Legendary jockey fears racing may lose owners to the virus
When it comes to icons in the world of sport the contribution of a number of top stars is immeasurable. Three who spring to mind are Frankie Dettori (horse racing), Cristiano Ronaldo (football) and Lewis Hamilton (motor racing).
So, with British racing halted due to the coronavirus, it was inevitable that the UK media would contact Dettori, whose achievements have made him a valuable asset for racing.
Interviewed by the Racing Post, Dettori, who rode 19 grade 1 winners in 2019, said: “We’re not going to come out of this smelling of roses. The economy’s going to go down and as horse racing is a luxury, people are buying horses to have fun, so we might not have the investors any more.
“Then we might lose sponsorships. It’s going to hurt every sport and we have to be ready for it,” he said.
Comments by leading racing officials in the UK leave no doubt as to the high regard in which the Italian-born jockey is held in Britain.
Rod Street, CEO of Great British Racing, the sport’s promotional body, said: “Frankie is a standing dish with people who interact with racing occasionally. He has a profound effect on the public’s interaction with the sport.
“His value to racing is immeasurable — he is definitely racing’s biggest ambassador. Nobody is as immediately recognisable with the public as Frankie,” Street said.
Nick Smith, director of racing and communications at Ascot racecourse and a recent visitor to SA for the Asian racing conference in Cape Town in February, also gave his opinion on Dettori’s importance to the sport.
“I think it is hard to think of anyone who has contributed so much to racing as Frankie Dettori. He’s delivered right from the moment he started. He became racing’s adopted son very quickly after his Magnificent Seven (winners) at Ascot in 1996.”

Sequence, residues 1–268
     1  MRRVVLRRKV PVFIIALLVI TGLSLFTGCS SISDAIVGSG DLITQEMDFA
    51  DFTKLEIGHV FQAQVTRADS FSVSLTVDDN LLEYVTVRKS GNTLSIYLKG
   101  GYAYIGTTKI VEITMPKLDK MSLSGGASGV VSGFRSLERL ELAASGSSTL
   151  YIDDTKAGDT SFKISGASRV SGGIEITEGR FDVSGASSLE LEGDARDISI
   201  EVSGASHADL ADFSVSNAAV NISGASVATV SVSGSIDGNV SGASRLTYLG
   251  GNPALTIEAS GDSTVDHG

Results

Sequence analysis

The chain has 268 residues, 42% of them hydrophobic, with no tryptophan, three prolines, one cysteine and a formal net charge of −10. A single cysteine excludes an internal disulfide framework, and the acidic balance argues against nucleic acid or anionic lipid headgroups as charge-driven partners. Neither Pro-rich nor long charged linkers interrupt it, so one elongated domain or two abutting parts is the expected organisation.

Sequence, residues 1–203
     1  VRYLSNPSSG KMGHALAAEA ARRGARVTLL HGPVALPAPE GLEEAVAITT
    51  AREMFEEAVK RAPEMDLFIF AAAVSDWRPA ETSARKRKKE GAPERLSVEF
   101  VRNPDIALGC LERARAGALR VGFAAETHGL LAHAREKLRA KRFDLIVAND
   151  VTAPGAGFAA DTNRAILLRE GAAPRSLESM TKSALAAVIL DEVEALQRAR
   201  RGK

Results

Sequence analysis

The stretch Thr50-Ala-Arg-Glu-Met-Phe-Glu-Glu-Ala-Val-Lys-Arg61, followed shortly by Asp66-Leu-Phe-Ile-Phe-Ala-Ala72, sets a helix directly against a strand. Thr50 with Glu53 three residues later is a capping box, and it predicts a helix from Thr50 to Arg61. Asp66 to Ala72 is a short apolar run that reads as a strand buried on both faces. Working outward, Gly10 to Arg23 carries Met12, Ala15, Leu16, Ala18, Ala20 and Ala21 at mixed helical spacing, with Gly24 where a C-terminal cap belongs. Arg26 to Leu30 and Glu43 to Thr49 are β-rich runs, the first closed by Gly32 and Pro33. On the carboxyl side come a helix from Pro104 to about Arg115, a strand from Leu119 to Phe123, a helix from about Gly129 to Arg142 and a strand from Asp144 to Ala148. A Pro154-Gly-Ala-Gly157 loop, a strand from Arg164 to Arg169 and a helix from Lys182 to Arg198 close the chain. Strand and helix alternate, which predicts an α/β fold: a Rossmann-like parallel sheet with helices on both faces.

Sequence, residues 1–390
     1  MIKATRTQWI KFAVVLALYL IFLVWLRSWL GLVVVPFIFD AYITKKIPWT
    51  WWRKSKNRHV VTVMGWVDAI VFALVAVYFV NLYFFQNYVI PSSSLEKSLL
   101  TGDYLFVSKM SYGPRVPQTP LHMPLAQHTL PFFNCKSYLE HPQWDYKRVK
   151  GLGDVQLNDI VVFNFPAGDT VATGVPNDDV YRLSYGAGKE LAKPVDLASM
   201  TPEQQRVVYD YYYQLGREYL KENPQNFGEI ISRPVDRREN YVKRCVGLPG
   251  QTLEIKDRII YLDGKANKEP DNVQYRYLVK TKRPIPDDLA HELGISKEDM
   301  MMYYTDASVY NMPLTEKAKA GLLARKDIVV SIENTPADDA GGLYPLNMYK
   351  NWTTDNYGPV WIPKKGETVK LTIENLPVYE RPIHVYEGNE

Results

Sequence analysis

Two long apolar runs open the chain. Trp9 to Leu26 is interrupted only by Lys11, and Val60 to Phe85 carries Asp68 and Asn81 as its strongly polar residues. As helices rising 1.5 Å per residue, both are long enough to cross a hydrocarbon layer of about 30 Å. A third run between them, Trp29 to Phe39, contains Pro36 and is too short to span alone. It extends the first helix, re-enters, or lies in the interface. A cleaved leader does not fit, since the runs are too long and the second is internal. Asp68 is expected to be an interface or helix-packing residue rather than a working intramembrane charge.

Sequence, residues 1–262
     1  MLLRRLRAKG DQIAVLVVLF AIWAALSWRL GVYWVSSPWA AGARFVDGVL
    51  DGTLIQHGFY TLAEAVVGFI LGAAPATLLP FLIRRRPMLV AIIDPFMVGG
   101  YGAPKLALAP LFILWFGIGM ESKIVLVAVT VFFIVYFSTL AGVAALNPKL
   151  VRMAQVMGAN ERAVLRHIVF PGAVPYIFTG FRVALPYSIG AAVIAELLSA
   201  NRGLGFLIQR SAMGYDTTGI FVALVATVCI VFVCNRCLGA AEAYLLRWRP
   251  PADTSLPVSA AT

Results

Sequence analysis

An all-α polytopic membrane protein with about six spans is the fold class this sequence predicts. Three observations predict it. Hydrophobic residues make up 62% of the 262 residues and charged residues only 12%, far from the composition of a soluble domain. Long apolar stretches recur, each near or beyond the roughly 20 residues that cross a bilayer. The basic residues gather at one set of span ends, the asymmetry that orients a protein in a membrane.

However — as many people have pointed out — the coronavirus can strike anyone and Dettori is particularly concerned about his elderly mother who lives near Milan in the hardest-hit north of Italy.
“Having friends and family in Italy is a concern. It seems that every day it’s getting worse — we haven’t seen it getting any better. We are just praying day by day,” said Dettori.
Similar to everyone in Britain, Dettori is at home with his wife, Catherine, five children and a visiting sister who has been unable to return to Italy. Nevertheless, he rides out on the Newmarket gallops four times a week.
“It’s difficult, as the trainer has to shout at you because we have to keep two metres away.
“But horses still have to be exercised and still have to be fed. But we are wearing masks and wearing gloves — we want to try to beat this thing.
“I’m doing plenty of walking around my field and I’ve also got a gym, but it’s hard to get motivated when you can’t see the light at the end of the tunnel. We’ll be ready to rumble as soon as it’s safe to do so,” he said.
The Italian’s remarks regarding the possibility of losing many owners is particularly worrying for all racing countries including SA. They are — without question — the backbone of the sport.